Batavian Bank Building
319 Main St | Designated 02/15/1996
Romanesque Revival style with Mediterranean design sources. The most drastic alteration occurred in 1927 at a cost of $175,000. This remodeling project eliminated the second floor, added four massive steel girders and changed the entrance from the east side to the center. The second floor was replaced in 1959. Joan Rausch, Architectural Historian, stated that even though the integrity of the structure has been altered, the bank building is architecturally significant as a worthy example of Romanesque Revival architecture and as an example of the work of the nationally known architect from Chicago, Solomon S. Beman.
Notice of Designation of Historic Structure
Bracketed projecting cornice across the facade and continuing around the west side; stone facade divided between massive end piers by arcade of three massive two-story arches with arcade of smaller arches with decorative column supports in the upper story beneath the cornice; carved Sullivanesque ornament on the end pier capitals and on the panels between the second and third floor windows; street level facade has been completely altered for contemporary commercial use. Although the integrity of the store front of the structure has been altered, the bank building is architecturally significant as a worthy example of Richardson Romanesque Revival architecture and as an example of the work of the nationally known architect from Chicago, Solon S. Beman. The most drastic alteration of the Batavian Bank occurred in 1927 when a $175,000 remodeling project eliminated the second floor. Added four massive steel girders, changed the entrance from the east side of the facade to the center, and commissioned Edward Brewer of St. Paul to paint four murals depicting local history on the interior walls. The second floor was replaced in 1959. Gysbert Van Steenwyk was a Dutch native who settled in La Crosse after immigrating to Milwaukee. Van Steenwyk was an important Democrat, with Milwaukee capitalist and European banking connections. He became mayor and was a member of the La Crosse Board of Trade. The Batavian Bank financed La Crosse's transportation from a lumber town to a center of diversified manufacturing. Van Steenwyk contributed greatly to the development of La Crosse. He brought capitol and connections. The Batavian Bank (1861) helped finance La Crosse into the Industrial Age.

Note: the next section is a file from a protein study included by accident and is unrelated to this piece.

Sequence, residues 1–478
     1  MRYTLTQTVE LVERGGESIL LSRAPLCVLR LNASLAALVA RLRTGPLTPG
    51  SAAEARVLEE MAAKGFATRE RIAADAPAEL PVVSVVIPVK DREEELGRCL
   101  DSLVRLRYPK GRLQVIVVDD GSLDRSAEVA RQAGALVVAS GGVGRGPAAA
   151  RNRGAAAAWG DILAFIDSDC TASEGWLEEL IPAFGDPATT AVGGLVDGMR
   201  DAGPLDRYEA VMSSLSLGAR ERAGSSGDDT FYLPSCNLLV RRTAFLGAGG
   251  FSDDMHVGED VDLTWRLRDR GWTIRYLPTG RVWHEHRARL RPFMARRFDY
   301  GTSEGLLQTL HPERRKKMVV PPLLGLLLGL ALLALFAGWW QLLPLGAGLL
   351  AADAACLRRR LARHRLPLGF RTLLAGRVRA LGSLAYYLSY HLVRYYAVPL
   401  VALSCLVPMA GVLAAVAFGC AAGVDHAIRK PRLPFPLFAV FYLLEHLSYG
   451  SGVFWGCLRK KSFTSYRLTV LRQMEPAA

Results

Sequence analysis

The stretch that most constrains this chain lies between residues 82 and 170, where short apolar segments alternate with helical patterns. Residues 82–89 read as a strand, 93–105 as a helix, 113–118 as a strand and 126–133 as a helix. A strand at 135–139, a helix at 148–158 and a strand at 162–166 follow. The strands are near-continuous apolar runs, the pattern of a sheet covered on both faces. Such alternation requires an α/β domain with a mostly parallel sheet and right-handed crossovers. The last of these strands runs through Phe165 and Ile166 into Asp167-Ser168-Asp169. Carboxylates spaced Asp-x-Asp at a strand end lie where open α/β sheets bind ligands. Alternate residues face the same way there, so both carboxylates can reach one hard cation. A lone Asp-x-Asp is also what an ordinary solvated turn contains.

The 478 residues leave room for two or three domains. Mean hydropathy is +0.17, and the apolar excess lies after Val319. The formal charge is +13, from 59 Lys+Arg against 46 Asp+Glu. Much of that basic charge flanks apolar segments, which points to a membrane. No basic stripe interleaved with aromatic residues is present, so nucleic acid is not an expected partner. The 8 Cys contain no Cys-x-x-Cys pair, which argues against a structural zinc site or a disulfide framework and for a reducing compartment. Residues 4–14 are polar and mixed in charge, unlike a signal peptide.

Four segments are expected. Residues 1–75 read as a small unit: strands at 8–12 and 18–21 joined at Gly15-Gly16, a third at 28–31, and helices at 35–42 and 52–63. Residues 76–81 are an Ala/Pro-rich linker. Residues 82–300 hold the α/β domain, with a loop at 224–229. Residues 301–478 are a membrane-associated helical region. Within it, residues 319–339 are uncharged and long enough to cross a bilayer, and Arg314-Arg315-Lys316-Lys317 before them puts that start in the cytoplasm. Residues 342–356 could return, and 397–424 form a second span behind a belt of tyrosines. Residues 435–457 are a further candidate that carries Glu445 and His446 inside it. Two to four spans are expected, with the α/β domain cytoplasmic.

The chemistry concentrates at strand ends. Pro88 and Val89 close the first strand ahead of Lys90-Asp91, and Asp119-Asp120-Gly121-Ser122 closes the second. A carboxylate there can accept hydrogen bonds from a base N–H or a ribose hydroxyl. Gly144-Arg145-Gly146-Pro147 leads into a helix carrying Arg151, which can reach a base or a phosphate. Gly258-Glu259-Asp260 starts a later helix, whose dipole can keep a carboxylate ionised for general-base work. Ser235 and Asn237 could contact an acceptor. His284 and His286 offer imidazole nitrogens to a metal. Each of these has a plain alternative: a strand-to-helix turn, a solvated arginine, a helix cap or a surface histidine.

- (Historical notes from the Wisconsin Architecture and History Inventory).
This site is located within the Downtown Commercial Historic District.